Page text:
by Ryan Whitwam
A great deal of time and energy is put into designing the instruments and cameras that go to Mars on rovers, but none of those will do any good if the vehicle is dead in the sand after a few weeks. After all, it’s a few million miles to the nearest mechanic. That’s why NASA engineers are designing a new generation of rover wheels that can cope with the rugged terrain of the red planet. The newly unveiled shape memory tire uses innovative design and advanced material for increased survivability in harsh environments.
NASA’s current Mars rover, the famed Curiosity, was designed with six aluminum wheels, each milled from a solid block of metal. Engineers decided on that design to make sure the wheels didn’t change shape over time. However, aluminum is inflexible, and the Martian surface is a bit more pointy than anyone expected. As a result, NASA began to notice punctures and dents in the wheels after just a year of operation on Mars.
Curiosity has been a real trooper on Mars, logging more distance than any other rover and far exceeding the expectations of NASA. That’s thanks not only to solid engineering but an abundance of caution as well. Mission operators take care to avoid obstacles that could damage the wheels further — even a single mistake could render a wheel useless. NASA knew it needed a new generation of rover wheel, and that’s where the spring tire came in.
NASA initially worked with Goodyear in the mid-2000s to develop a prototype spring tire. These tires were composed of a flexible mesh with hundreds of coiled steel wires. It gave the tires the ability to support heavy loads with good traction, but even the strongest steel springs deform. On Mars, rolling over rocks while carrying a heavy loadout of instruments would cause the steel to change shape over time.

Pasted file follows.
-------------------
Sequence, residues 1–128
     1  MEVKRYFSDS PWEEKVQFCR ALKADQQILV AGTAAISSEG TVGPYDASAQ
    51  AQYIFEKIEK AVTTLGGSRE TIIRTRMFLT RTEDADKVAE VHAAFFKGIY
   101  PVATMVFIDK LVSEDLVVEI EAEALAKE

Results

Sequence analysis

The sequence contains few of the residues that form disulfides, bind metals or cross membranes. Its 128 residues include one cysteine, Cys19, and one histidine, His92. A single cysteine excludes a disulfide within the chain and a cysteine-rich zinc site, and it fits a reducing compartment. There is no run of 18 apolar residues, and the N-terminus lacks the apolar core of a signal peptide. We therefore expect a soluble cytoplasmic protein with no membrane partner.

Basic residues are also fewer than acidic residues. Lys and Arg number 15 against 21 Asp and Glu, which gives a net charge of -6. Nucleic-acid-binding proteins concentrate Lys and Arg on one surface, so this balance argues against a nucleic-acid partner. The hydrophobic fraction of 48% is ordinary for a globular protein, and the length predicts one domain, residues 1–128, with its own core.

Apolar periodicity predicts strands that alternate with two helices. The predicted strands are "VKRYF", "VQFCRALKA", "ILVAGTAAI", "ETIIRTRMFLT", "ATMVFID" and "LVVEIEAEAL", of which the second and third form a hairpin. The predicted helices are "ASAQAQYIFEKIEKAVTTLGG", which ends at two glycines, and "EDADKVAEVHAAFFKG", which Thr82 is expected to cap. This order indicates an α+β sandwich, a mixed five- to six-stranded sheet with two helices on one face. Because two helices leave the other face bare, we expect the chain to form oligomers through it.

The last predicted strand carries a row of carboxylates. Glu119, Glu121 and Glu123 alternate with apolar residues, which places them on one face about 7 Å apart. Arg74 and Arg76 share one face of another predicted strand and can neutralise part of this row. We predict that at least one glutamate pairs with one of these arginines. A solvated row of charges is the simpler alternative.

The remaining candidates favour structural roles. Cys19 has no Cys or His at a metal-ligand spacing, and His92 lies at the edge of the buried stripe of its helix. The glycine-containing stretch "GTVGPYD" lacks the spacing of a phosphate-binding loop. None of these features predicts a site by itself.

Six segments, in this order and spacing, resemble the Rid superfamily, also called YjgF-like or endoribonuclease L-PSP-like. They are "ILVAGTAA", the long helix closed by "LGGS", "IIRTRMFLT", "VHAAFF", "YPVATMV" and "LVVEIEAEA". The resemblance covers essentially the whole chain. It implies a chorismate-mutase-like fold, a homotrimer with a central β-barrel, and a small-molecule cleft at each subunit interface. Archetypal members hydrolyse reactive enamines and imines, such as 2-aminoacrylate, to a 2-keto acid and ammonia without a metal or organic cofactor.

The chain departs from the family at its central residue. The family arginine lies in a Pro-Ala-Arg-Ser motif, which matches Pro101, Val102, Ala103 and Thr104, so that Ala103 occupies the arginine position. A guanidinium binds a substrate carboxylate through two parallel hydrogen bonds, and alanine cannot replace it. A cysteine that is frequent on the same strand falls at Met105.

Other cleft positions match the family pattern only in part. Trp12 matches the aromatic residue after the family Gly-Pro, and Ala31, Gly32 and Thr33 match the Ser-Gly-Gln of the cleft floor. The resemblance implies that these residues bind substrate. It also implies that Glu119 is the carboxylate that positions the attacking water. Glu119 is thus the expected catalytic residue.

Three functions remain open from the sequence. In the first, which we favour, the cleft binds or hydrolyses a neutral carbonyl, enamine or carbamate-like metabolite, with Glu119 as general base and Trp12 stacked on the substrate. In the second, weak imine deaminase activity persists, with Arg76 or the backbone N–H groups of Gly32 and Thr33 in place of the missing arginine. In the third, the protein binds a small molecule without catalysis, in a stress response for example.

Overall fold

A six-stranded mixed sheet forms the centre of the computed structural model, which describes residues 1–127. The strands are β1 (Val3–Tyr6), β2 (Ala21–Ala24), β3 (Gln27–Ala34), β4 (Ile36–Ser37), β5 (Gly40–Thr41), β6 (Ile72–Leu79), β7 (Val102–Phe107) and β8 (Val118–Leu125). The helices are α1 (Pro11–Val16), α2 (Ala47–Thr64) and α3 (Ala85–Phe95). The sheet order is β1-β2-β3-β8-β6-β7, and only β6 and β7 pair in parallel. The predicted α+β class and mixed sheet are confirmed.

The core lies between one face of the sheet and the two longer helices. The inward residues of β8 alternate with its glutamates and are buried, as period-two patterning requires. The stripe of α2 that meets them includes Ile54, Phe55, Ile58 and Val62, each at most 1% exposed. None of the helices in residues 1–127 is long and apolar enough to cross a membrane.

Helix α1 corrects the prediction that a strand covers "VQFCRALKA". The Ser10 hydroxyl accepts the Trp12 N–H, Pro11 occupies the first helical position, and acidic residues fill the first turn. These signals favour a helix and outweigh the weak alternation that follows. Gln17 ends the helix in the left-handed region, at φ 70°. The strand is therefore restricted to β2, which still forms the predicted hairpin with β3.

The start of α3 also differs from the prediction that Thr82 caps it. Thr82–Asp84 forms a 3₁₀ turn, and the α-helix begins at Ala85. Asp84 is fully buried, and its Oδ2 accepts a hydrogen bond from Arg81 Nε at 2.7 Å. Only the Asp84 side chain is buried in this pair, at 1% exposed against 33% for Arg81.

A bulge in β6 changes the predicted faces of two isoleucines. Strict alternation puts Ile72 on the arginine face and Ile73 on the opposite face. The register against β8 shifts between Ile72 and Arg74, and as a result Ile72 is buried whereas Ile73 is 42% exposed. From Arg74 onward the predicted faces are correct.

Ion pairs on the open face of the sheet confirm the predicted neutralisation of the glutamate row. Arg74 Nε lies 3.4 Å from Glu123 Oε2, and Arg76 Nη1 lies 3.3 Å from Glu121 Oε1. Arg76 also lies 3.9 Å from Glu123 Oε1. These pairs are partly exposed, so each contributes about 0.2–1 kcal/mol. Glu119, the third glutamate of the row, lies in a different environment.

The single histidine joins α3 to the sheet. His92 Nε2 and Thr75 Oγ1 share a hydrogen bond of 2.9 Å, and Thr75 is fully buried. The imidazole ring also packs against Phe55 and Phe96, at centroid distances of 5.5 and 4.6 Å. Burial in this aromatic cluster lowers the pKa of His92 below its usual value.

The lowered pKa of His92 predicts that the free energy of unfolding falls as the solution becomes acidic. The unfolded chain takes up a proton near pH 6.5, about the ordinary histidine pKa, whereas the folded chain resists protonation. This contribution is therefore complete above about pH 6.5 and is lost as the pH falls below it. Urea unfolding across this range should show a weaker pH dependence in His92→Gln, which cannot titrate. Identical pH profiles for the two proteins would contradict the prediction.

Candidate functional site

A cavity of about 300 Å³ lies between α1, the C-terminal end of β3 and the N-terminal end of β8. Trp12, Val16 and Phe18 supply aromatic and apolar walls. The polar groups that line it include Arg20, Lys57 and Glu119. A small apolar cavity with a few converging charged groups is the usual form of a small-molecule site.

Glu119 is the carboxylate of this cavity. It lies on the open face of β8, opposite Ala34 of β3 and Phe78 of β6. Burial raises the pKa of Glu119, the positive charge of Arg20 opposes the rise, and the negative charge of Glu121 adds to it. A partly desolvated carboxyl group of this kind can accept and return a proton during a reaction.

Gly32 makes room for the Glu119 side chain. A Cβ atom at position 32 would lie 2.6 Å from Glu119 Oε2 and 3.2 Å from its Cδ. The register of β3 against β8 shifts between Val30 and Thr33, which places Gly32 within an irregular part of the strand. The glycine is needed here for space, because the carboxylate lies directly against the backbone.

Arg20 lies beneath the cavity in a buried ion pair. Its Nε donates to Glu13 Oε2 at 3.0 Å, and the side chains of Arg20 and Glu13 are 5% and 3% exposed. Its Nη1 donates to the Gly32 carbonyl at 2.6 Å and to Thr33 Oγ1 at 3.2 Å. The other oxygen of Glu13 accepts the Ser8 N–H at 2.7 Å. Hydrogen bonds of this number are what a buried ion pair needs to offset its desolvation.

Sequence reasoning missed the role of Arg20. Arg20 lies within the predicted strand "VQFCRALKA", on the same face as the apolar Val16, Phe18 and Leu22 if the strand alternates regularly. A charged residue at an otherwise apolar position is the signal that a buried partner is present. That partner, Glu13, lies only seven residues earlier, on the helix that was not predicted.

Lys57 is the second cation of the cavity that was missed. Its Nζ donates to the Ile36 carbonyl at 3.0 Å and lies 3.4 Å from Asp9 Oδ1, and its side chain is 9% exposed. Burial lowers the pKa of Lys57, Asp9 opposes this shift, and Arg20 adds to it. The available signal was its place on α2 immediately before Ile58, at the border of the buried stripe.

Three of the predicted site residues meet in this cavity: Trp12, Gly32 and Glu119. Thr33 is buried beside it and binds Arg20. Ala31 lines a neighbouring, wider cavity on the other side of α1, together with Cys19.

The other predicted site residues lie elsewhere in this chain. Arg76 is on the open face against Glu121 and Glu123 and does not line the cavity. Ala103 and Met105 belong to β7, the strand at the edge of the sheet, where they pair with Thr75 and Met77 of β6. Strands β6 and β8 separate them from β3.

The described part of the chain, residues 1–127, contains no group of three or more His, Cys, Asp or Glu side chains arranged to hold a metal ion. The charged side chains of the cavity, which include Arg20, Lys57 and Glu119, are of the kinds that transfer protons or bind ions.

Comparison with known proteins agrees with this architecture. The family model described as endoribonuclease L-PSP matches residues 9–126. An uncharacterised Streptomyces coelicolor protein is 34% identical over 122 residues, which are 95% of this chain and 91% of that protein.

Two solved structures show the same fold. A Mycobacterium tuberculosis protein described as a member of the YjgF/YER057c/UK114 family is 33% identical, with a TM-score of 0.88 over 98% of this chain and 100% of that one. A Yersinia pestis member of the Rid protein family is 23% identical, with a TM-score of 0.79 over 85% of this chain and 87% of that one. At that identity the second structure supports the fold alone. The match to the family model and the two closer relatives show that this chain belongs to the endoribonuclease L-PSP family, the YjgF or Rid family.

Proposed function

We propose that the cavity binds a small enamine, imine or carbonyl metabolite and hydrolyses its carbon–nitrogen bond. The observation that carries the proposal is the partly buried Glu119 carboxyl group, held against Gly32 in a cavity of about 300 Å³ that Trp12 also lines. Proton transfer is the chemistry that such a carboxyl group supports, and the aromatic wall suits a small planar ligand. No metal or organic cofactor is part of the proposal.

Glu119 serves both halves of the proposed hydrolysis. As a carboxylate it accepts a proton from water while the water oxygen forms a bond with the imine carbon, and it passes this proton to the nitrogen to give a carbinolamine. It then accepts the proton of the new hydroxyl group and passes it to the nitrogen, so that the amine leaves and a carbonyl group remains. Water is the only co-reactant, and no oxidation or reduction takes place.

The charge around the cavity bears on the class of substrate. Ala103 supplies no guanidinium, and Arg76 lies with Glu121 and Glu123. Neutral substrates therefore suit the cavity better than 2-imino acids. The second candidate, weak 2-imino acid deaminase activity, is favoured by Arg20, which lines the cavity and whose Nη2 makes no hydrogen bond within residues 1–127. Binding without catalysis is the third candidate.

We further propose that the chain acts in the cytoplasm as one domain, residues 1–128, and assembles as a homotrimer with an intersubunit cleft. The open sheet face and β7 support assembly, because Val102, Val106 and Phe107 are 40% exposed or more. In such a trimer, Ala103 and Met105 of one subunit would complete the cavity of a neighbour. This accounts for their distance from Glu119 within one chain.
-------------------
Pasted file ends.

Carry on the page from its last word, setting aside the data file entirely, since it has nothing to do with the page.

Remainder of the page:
The answer was a new material based on a stoichiometric nickel-titanium alloy. Like regular spring tires, there’s no air inside. It’s just a lattice of coiled metal that flexes as it rolls over obstacles. That means it won’t get punctured by sharp Martian rocks. The bonds in the nickel-titanium alloy can rearrange in response to stress instead of stretching, so the tire snaps back — no deformation.
NASA plans to use shape memory tires on future Mars rovers, possibly even on the upcoming 2020 rover that will take over for Curiosity in the next few years. It’s even possible we could see this design on Earth-based tires one day.
Originally published at www.extremetech.com on November 21, 2017.